Saturday, August 02, 2014
   
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Life with a family member who has autism

Family shares struggles, rewards.

Inside a local church, Elizabeth Belanger plopped on the floor three times.

Her 12-year-old brother Nathan was a little confused and embarrassed but was “pretty okay with it.”

When situations like that happen, 9-year-old Margeaux Belanger often feels “kind of weird” and ashamed of 14-year-old Elizabeth.

 

“But I know she’s my sister and everything,” Margeaux said.

 

Elizabeth has been diagnosed with autism which is described as a neurological disorder that causes behavior different than societal norms.

Elizabeth’s father Tom Belanger, and her mother Donna Belanger, were told at the time of diagnosis that their daughter wouldn’t have functional speech and couldn’t be toilet trained.

But Elizabeth proved the experts wrong.

“We’re pretty lucky,” Tom said.

Most of the time, the family is able to deal easily with Elizabeth’s unconventional behavior like when she sits down suddenly or mumbles to herself or laughs uncontrollably.

“But I feel bad for her because I don’t want her to do anything wrong,” Nathan explained.

Family members may allow her to stay on the floor for awhile until she gets up herself or allows them to pull her up gently.

Tom said his daughter sometimes acts out when she’s frustrated.

Because people with autism need structure, Elizabeth may behave differently when she’s not comfortable in her environment or is thrown off her routine.

“She may rip someone’s glasses off or bolt from the situation,” Tom said. “But the first thing to remember is that it’s nothing personal.”

Nathan said his sister knows she’s not supposed to hurt people.

Still, because Elizabeth appears different, Tom said she’s under a microscope.

“The last thing we want people to be is scared,” he said. “How can she ever become comfortable in going out and around people if she doesn’t go out?”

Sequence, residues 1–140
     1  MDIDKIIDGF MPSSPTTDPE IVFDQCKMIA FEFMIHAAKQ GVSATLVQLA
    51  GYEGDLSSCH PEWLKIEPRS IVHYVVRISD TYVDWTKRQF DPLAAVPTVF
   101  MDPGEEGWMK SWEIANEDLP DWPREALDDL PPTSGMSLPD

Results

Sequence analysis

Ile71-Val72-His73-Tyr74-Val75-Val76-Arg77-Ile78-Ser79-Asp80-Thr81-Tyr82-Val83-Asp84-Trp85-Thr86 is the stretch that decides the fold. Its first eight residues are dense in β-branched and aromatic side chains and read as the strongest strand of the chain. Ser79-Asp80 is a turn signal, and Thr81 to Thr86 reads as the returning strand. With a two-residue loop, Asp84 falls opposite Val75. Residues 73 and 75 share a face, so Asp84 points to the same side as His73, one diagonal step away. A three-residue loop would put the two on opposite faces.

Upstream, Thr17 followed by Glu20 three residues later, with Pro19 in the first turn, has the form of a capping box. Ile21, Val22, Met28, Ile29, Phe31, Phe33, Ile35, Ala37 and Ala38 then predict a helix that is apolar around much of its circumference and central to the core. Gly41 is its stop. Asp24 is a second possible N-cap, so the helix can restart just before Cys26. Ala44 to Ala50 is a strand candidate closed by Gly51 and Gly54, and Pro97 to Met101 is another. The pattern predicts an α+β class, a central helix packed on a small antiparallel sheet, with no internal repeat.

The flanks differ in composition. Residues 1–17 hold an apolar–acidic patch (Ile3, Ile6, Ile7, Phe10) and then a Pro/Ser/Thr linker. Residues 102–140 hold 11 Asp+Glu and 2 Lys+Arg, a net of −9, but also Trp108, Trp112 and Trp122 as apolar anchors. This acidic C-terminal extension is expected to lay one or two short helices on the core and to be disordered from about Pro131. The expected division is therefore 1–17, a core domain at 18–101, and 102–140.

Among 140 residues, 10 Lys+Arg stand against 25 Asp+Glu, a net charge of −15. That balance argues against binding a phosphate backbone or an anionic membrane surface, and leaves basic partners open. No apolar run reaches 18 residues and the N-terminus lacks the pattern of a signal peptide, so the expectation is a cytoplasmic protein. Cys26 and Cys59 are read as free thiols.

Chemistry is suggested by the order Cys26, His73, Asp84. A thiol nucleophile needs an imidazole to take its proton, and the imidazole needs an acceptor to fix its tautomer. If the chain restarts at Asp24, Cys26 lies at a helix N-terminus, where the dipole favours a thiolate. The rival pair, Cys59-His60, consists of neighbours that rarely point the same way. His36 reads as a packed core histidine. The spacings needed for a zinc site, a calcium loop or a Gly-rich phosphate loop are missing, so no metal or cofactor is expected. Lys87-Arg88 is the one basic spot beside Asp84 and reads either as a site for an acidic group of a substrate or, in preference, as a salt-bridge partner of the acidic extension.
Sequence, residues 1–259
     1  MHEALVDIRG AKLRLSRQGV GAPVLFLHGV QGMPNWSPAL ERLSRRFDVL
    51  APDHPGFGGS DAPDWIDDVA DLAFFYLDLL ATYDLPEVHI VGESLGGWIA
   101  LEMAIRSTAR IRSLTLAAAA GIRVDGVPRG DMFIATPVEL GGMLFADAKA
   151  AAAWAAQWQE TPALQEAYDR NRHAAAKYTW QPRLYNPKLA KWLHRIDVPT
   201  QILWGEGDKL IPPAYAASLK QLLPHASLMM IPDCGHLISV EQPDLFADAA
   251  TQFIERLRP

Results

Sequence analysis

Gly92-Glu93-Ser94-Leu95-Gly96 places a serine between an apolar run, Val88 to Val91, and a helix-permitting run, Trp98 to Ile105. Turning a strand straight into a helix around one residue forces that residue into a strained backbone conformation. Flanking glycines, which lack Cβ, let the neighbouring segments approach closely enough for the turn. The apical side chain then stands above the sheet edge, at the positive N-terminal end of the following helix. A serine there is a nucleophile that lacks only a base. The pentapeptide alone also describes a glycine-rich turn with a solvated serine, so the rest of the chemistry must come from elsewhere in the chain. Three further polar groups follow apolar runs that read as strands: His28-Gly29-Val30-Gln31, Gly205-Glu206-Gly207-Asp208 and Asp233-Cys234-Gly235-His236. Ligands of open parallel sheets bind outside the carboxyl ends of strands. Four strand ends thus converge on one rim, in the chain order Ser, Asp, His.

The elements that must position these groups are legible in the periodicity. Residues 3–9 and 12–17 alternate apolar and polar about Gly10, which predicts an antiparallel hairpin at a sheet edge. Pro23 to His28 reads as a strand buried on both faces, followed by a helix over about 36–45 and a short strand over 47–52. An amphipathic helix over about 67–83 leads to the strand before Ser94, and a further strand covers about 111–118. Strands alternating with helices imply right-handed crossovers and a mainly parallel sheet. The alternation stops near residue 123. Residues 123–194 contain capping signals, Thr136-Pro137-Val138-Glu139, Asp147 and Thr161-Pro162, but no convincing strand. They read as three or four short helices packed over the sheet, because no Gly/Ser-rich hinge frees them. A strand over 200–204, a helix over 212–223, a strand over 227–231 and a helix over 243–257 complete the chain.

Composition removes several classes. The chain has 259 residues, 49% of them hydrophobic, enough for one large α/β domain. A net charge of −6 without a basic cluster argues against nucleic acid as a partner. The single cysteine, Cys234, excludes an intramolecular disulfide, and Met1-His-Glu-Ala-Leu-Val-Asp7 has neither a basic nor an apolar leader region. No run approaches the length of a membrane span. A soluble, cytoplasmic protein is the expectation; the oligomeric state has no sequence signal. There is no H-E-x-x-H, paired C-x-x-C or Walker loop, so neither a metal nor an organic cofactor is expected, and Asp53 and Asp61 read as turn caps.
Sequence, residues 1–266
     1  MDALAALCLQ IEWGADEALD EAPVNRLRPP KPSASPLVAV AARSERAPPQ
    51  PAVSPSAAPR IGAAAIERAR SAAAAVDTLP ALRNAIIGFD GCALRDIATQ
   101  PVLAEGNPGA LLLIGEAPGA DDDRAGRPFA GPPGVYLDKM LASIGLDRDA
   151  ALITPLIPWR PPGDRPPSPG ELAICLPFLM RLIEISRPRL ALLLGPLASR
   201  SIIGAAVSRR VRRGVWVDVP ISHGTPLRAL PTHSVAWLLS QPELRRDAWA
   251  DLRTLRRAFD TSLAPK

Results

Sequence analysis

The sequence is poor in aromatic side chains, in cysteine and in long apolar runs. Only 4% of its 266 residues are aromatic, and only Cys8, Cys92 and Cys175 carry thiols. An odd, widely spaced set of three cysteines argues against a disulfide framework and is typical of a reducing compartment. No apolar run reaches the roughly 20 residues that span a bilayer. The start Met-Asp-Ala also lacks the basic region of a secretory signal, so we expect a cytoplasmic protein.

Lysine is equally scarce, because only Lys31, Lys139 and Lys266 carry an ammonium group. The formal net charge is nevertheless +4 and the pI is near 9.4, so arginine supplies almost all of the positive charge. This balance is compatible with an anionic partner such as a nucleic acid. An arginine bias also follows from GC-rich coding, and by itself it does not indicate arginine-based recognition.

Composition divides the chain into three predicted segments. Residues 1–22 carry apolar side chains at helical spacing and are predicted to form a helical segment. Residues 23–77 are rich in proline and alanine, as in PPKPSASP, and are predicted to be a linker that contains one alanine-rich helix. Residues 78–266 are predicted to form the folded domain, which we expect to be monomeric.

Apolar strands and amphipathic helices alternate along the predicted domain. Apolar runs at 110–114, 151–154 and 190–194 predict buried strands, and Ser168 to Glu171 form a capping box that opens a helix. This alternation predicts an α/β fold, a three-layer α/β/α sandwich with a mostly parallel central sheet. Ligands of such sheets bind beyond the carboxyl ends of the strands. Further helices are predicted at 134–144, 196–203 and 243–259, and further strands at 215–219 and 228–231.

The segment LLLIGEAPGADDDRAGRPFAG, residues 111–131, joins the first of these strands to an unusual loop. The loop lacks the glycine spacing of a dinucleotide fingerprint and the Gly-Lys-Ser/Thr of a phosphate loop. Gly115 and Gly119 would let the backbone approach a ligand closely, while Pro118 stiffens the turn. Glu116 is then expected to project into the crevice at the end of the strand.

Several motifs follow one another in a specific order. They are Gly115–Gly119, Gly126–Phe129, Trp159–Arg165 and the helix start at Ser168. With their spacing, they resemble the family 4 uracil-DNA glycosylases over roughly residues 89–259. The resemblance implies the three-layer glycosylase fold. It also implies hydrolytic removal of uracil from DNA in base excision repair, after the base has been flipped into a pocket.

Since the children moved to Gothenburg—where Tom is the high school band teacher— from International Falls, MN, last summer, Tom said his daughter is much happier.

“I attribute that to the help she gets at school,” he said.

During a day at Gothenburg Public Schools, Elizabeth spends time with educators trained in dealing with students with autism.

She also interacts with students in the resource room and while doing supervised jobs throughout the school.

“Some schools see a student with autism as a liability,” Tom said. “Here, she’s viewed as a Swede and they’ve developed a strategy for doing everything they can for her.”

At home, the family’s life more or less revolves around Elizabeth.

Because she needs someone with her, the three family members take turns.

Sometimes, other people who Elizabeth is comfortable with come in and help.

Nonetheless, Tom said he wants his other two children to have a life besides watching Elizabeth.

“I work hard to make sure they can be kids,” he said. “I try to reduce direct contact.”

For example, the kids often can play in the yard with friends while Elizabeth is inside.

Nathan and Margeaux said they don’t mind caring for their sister except when friends want them to come over and they can’t.

“I feel sad,” Nathan said.

When his children were born, Tom knew his focus would be on them.

“My children are part of my life now,” he said. “I also have a passion for teaching and enjoy every day.”

Still, he said he misses playing racquetball and swimming like he once did.

For Margeaux, the biggest challenge in living with Elizabeth is when her sister becomes frustrated and runs away.

“She’s fast,” Margeaux said, noting that she wishes people would understand that it’s her sister’s autism that makes her bolt.

Nathan said he’s had a difficult time convincing fellow students that Elizabeth is his sister.

“For quite awhile, they believed she was my cousin, not my sister,” he said.

Tom said people have no idea how much extra

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